- I have never had a feeling politically that did not spring from the sentiments embodied in the Declaration of Independence. I have often pondered over the dangers which were incurred by the men who assembled here and adopted that Declaration of Independence; I have pondered over the toils that were endured by the officers and soldiers of the army, who achieved that Independence. I have often inquired of myself, what great principle or idea it was that kept this Confederacy so long together. It was not the mere matter of the separation of the colonies from the mother land; but something in that Declaration giving liberty, not alone to the people of this country, but hope to the world for all future time. It was that which gave promise that in due time the weights should be lifted from the shoulders of all men, and that all should have an equal chance. This is the sentiment embodied in that Declaration of Independence.
Now, my friends, can this country be saved upon that basis? If it can, I will consider myself one of the happiest men in the world if I can help to save it. If it can't be saved upon that principle, it will be truly awful. But, if this country cannot be saved without giving up that principle. I was about to say I would rather be assassinated on this spot than to surrender it.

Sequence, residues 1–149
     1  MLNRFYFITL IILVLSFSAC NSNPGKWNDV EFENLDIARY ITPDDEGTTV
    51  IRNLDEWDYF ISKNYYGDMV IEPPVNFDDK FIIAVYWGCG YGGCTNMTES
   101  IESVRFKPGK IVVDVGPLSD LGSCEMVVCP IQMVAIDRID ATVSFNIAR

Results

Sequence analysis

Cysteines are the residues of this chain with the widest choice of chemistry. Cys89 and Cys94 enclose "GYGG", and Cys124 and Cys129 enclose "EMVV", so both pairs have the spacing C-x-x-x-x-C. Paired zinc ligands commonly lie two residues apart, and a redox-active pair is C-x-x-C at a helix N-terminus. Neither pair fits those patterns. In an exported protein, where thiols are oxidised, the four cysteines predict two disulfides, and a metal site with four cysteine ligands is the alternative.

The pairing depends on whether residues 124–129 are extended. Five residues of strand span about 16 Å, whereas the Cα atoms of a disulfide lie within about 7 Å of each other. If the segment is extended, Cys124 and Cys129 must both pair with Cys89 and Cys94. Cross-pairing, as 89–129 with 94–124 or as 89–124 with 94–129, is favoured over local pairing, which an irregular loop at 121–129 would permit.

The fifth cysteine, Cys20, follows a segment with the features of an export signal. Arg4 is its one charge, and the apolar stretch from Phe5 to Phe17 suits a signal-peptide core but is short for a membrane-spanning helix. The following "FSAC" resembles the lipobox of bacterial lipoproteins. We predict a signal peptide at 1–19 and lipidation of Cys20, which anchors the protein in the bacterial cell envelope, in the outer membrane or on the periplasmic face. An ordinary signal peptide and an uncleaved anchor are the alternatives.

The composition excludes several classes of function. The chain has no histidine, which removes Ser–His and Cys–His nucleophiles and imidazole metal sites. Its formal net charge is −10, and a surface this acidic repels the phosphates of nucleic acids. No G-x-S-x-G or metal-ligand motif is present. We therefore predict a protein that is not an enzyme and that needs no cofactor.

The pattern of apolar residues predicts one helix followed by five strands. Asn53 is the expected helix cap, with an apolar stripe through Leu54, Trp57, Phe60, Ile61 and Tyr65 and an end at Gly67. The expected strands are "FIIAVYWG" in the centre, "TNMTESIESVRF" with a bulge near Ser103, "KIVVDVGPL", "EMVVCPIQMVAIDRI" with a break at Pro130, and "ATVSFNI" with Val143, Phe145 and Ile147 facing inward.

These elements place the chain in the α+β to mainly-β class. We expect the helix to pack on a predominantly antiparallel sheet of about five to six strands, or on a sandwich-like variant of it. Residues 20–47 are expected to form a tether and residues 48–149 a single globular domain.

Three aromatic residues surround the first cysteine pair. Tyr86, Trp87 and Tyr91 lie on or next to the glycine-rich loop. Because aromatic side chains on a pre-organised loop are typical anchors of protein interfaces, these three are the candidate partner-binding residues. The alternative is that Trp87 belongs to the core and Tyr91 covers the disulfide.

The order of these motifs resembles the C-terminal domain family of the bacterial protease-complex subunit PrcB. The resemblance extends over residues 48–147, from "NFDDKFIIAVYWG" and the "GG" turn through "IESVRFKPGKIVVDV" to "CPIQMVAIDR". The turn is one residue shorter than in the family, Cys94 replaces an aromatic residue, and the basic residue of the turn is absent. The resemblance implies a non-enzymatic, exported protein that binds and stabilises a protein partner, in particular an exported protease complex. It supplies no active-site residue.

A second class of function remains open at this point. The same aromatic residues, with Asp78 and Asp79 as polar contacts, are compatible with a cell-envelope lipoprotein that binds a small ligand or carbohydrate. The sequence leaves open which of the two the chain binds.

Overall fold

- Abraham Lincoln, speech in Independence Hall, Philadelphia, Pennsylvania (22 February 1861); quoted in Roy P. Basler, ed., The Collected Works of Abraham Lincoln, vol. 4 (New Brunswick, N.J.: Rutgers University Press, 1953), p. 204
- Within that door
A man sits or the image of a man
Staring at stillness on a marble floor.
No drum distracts him nor no trumpet can
Although he hears the trumpet and the drum.
He listens for the time to come.
Within this door
A man sits or the image of a man
Remembering the time before.
He hears beneath the river in its choking channel
A deeper river rushing on the stone,
Sits there in his doubt alone,
Discerns the Principle,
The guns begin,
Emancipates—but not the slaves,
The Union—not from servitude but shame:
Emancipates the Union from the monstrous name
Whose infamy dishonored
Even the great Founders in their graves …
He saves the Union and the dream goes on.